Anyone Watched the Bush and Kerry Presidential Debate?

Discussion in 'Odds & Ends' started by gmlasam, Sep 30, 2004.

  1. thejerk

    thejerk Semi-Pro

    Joined:
    Mar 25, 2004
    Messages:
    472
    Here you go Chad:
    http://dir.salon.com/mwt/feature/2000/09/25/medicate/index.html
    You act as if schools are completely blameless. I think your charge of equal education smacks of egalitarianism. You have ceded my point. Isn't that another way of saying everybody is brought down to the lowest common denominator. What would be wrong with trade schools? Would they make it harder to teach kids that everything is relative. Are you one those jokers that teach kids about unequal distribution of wealth.
    Hey Phil, I'll tell you about not having a clue. After I was expelled, I sat at home and studied philosophy, science, classical liturature, and anything else I thought they were teaching in school. When I went to college a couple years later, I didn't have a clue that I would actually be way ahead of the kids who had suffered through public education. I guess classics were to traditional.
    Chad, I don't know about your district or school, but if you say political correctness isn't a problem, I think you must have your head up your arse.
    You and I both know that there are far to many medicated kids. I suppose the ignorant masses you refered to didn't attend public schools. Just wondering, do you support vouchers or should government schools have a monopoly on education?
     
    #51
  2. thejerk

    thejerk Semi-Pro

    Joined:
    Mar 25, 2004
    Messages:
    472
    Well Phil, as to your last post, capitalism. All those people are rewarded. Do you think all those people would have done what they did for altruistic purposes. Why do medical/pharmaceutical patents come mostly from American companies? Probably because people don't want to waste their time researching things that don't pay.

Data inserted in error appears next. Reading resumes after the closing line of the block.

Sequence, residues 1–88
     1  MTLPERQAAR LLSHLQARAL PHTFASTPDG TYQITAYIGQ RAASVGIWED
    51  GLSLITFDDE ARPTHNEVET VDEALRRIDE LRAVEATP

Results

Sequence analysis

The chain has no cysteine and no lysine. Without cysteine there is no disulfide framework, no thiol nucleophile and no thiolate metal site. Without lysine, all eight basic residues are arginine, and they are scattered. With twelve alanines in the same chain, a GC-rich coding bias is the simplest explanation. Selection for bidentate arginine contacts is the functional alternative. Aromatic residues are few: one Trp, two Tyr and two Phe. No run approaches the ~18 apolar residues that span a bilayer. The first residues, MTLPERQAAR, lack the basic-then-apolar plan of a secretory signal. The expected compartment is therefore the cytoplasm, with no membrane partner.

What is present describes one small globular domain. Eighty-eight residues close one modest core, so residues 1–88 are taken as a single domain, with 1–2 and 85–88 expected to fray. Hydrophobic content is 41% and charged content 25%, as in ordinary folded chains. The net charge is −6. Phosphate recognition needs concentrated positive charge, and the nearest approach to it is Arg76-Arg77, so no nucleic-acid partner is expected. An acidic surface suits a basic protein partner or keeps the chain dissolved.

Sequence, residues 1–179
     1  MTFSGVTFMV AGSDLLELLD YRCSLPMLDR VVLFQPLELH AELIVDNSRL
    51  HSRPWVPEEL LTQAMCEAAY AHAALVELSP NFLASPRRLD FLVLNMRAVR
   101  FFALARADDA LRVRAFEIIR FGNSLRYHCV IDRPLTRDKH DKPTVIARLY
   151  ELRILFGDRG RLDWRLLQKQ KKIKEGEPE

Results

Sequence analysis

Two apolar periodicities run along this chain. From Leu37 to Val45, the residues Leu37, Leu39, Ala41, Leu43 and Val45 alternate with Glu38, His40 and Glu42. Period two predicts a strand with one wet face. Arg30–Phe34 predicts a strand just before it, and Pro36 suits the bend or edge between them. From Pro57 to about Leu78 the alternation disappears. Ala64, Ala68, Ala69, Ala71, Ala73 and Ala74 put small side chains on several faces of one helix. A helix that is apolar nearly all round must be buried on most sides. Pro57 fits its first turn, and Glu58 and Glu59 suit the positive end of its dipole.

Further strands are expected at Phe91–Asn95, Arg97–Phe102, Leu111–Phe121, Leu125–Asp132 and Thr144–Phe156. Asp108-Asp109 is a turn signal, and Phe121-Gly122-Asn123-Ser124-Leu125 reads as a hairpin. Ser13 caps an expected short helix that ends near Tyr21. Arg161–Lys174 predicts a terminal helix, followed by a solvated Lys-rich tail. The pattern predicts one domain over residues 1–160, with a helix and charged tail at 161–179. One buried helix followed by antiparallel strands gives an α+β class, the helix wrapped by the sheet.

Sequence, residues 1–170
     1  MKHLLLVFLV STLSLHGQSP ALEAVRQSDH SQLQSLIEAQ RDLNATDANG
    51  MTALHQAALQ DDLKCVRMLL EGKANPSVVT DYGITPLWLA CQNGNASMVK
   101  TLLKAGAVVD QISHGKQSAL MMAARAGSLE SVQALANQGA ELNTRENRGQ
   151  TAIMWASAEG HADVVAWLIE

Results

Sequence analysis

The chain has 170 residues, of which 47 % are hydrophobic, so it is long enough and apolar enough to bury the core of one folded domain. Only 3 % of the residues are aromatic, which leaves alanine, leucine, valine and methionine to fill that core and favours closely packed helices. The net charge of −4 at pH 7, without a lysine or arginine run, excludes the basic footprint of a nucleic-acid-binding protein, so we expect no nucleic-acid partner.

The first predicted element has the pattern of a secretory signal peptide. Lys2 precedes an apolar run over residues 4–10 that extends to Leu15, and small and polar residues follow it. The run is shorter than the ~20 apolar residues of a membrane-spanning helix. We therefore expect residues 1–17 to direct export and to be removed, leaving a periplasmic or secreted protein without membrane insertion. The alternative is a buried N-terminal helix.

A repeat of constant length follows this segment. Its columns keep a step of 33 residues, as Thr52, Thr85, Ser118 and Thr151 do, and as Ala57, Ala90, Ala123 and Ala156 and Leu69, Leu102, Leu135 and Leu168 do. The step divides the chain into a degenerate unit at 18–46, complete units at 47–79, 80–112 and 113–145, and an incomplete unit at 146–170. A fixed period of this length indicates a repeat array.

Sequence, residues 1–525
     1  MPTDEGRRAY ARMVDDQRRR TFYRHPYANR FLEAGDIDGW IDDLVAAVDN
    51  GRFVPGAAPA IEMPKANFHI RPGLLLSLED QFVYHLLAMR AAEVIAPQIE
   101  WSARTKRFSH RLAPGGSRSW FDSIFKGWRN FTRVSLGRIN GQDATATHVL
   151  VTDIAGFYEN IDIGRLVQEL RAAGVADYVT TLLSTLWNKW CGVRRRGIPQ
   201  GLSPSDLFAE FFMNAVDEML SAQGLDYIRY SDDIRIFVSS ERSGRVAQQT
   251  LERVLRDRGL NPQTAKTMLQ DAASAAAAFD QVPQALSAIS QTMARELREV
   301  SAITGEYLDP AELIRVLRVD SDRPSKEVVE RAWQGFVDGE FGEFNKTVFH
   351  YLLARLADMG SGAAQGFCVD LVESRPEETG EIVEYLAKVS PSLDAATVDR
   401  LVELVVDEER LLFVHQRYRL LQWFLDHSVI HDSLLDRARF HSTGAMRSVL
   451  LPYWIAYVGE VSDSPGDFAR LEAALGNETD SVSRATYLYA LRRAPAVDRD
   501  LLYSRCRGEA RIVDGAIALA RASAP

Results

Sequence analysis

#52
  3. Phil

    Phil Hall of Fame

    Joined:
    Feb 11, 2004
    Messages:
    3,877
    Location:
    In a tent, along the Silk Road
    Fair enough, but I didn't realize that Oscar the Grouch and the rest of the Sesame St. crowd went all that deep into those subjects. Mr. Rogers, MAYBE...Based on your many posts on this board, just about all dealing with politics of some sort, it dosen't seem like you actually HAVE a very solid grounding in philosophy, history or political science. Just my observation-you pretty much regurgitate whatever is the subject of the day on the conservative Websites/weblogs/chatboards. What, exactly did you read at home while Sesame St. and Teletubbies were blaring in the background?
     
    #53
  4. Phil

    Phil Hall of Fame

    Joined:
    Feb 11, 2004
    Messages:
    3,877
    Location:
    In a tent, along the Silk Road
    Come again? Of course people are rewarded for their achievements, and why shouldn't they be? That doesn't diminish the achievements themselves.

    As for pharmacutical patents, I'm not sure I understand your comment. Are you saying that drugs don't pay? Other than the oil companies, the pharm companies are probably the most profitable enterprises in the world. Check their stocks. Much of the R&D that they do is government funded or at least subsidised. As usual, you're losing me-you seem unable to stick to a topic without radically changing the subject and going all over the map.
     
    #54
  5. thejerk

    thejerk Semi-Pro

    Joined:
    Mar 25, 2004
    Messages:
    472
    Don't forget about Big Katsup. Of course drugs pay. When it costs a billion to get a drug to market, it better pay. When I originally replied on this thread, it was because somebody said Kerry brougt the facts. I then wondered about the state of public education, and was then taken off on a tangent by a disgruntled ped-ant.
    Here's a fact Kerry ommitted. This is what happened last time a democrat negotiated with North Korea:
    http://www.findarticles.com/p/articles/mi_m1316/is_n12_v29/ai_20089207
    (Notice the fawning reporter. Especially on pg3 )